Infomancy n. 1.The field of magic related to the conjuring of information from the chaos of the universe. 2.The collection of terms, queries, and actions related to the retrieval of information from arcane sources.

School Library Blogging

November 28th, 2005 by infomancy

Michael Stephens writes at Tame the Web about the use of educational blogging to connect schools in Michigan and New York. What was really great to see in his coverage of an article from the Battle Creek Enquirer, was that the teacher in Michigan knew to go to her school librarian to have the blog set up. Why? Because blogs, like libraries, are about the information and the conversation; not the technology. If you read the article, you will see what I mean about the conversation. I wonder if an essay assignment (with the teacher as the only audience) wouldn’t have elicited the same level of responses?

I wish I could read more of the students’ writing, but since their blog is being hosted on it is, of course, blocked. This is where something like is a great way to create a safe place for school blogs. It is a pity that both and are blocked here.

Anyway, here is a shout out to Margaret Lincoln, the library media specialist at Lakeview High School in Battle Creek Michigan. Go infomancy!

2 Responses to “School Library Blogging”

  1. Carol Terburg Says:

    I’m the English teacher in Battle Creek who works with Margaret Lincoln, and I have one small correction in the statement above. She is the one who came to me with the idea; she created and moderated the Blog, and I’m so thankful that she did. We were in constant collaboration with Honey Kern in Cold Spring Harbor, New York about the new topics that students were given each week. It was truely a wonderful experience, and I would encourage others to try it. As for the comparison to an essay, the blog didn’t replace essay writing; in fact, it didn’t replace journal writing. It was a new and exciting way to allow us to get into our students’ minds and get them to dig a little deeper by feeding off each other’s comments, a long distance discussion, if you will. I definitely want to give my future students the experience.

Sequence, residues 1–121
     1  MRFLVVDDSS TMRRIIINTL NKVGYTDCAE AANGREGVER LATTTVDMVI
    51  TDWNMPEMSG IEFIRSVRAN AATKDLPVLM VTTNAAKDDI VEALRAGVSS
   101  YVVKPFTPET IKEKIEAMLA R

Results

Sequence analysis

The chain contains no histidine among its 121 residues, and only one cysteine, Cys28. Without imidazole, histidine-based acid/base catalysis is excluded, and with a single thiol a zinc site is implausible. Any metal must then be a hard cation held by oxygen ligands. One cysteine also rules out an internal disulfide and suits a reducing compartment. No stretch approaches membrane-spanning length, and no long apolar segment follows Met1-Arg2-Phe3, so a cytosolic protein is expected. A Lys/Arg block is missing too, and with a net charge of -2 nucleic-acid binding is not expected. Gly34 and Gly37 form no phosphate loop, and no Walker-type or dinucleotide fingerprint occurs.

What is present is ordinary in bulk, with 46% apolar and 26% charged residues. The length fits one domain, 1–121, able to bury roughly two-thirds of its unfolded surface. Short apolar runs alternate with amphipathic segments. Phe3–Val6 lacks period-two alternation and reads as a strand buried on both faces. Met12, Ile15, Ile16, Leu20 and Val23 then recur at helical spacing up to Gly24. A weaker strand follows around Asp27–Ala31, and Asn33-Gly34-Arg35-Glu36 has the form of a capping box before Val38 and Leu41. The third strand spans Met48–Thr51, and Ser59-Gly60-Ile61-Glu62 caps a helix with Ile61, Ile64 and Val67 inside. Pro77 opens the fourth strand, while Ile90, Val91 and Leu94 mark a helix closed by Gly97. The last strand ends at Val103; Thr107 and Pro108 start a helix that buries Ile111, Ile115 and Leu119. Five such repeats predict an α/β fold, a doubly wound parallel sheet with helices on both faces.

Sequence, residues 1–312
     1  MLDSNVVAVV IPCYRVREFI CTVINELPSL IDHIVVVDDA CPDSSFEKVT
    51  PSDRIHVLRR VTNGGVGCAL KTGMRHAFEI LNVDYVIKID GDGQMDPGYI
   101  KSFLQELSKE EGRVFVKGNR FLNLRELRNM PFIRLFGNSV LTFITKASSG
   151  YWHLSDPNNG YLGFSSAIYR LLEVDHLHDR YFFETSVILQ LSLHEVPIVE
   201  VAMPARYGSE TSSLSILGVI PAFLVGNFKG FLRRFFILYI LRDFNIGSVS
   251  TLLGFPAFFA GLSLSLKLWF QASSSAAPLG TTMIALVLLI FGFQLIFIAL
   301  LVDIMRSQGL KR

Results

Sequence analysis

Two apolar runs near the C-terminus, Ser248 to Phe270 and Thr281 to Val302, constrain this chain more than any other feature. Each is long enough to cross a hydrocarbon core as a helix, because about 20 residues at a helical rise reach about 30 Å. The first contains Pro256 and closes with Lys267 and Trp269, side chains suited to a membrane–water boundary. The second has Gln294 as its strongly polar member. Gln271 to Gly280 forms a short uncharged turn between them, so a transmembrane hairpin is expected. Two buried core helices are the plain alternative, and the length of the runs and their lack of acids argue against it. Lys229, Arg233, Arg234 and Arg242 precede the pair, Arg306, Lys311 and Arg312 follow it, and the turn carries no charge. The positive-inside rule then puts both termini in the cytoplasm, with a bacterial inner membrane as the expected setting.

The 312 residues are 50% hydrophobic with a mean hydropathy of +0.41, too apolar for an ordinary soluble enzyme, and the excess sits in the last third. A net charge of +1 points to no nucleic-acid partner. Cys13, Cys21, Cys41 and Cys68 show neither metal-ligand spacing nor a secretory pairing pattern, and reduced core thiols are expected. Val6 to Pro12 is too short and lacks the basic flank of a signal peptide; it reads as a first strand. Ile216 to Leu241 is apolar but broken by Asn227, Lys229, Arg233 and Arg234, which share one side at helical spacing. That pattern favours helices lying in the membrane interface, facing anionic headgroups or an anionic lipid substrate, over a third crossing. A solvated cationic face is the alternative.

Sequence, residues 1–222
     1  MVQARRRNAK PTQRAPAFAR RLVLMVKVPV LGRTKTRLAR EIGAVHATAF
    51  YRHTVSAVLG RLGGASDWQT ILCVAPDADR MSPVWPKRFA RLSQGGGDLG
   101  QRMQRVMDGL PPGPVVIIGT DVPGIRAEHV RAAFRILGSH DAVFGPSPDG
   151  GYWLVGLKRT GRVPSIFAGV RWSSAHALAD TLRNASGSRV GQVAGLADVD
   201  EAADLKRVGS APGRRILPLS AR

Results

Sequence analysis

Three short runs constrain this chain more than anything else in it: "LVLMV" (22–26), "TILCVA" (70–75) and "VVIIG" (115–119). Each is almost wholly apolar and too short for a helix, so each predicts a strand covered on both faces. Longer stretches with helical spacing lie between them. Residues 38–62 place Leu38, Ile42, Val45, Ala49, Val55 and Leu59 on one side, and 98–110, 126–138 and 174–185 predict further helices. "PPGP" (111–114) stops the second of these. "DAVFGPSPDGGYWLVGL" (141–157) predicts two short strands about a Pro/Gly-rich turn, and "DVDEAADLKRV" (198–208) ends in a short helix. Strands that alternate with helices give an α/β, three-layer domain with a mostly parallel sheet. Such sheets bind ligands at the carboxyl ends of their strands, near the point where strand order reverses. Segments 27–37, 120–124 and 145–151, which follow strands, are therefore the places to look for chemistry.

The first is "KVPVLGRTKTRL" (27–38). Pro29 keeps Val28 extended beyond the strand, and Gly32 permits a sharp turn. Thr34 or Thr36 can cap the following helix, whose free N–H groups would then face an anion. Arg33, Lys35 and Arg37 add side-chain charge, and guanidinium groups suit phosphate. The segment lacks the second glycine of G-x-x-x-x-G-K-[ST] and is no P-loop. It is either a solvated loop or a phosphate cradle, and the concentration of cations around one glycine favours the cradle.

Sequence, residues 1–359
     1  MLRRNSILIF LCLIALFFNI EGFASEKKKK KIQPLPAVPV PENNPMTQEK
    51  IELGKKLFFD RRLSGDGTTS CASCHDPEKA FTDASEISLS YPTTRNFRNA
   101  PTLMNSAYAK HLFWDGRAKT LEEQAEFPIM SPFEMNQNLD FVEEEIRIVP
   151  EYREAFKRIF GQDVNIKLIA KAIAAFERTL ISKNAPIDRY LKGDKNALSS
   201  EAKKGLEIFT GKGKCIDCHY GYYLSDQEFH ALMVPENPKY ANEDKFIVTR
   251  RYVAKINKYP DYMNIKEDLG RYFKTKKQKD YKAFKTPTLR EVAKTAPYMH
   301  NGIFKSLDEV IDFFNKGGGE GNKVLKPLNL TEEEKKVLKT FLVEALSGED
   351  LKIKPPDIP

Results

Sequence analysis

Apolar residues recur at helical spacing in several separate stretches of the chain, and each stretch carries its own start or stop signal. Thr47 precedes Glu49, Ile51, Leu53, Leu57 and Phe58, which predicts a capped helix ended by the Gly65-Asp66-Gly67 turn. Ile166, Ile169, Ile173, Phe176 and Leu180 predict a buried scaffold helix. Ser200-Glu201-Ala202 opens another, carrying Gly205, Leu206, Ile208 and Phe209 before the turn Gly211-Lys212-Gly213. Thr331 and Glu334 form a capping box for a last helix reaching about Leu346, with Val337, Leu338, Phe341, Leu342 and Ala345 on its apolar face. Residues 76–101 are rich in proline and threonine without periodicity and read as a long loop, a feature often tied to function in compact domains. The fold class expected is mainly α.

2. Christopher Harris Says:

    Many thanks for the comment and the correction. The newspaper article wasn’t clear. Either way, it is great to hear that the Margaret is marketing what she can do to help teachers! What did you find in comparing the writing styles for the essays, journals, and blogs? Was there a difference (or did one emerge) as students responded to a larger audience?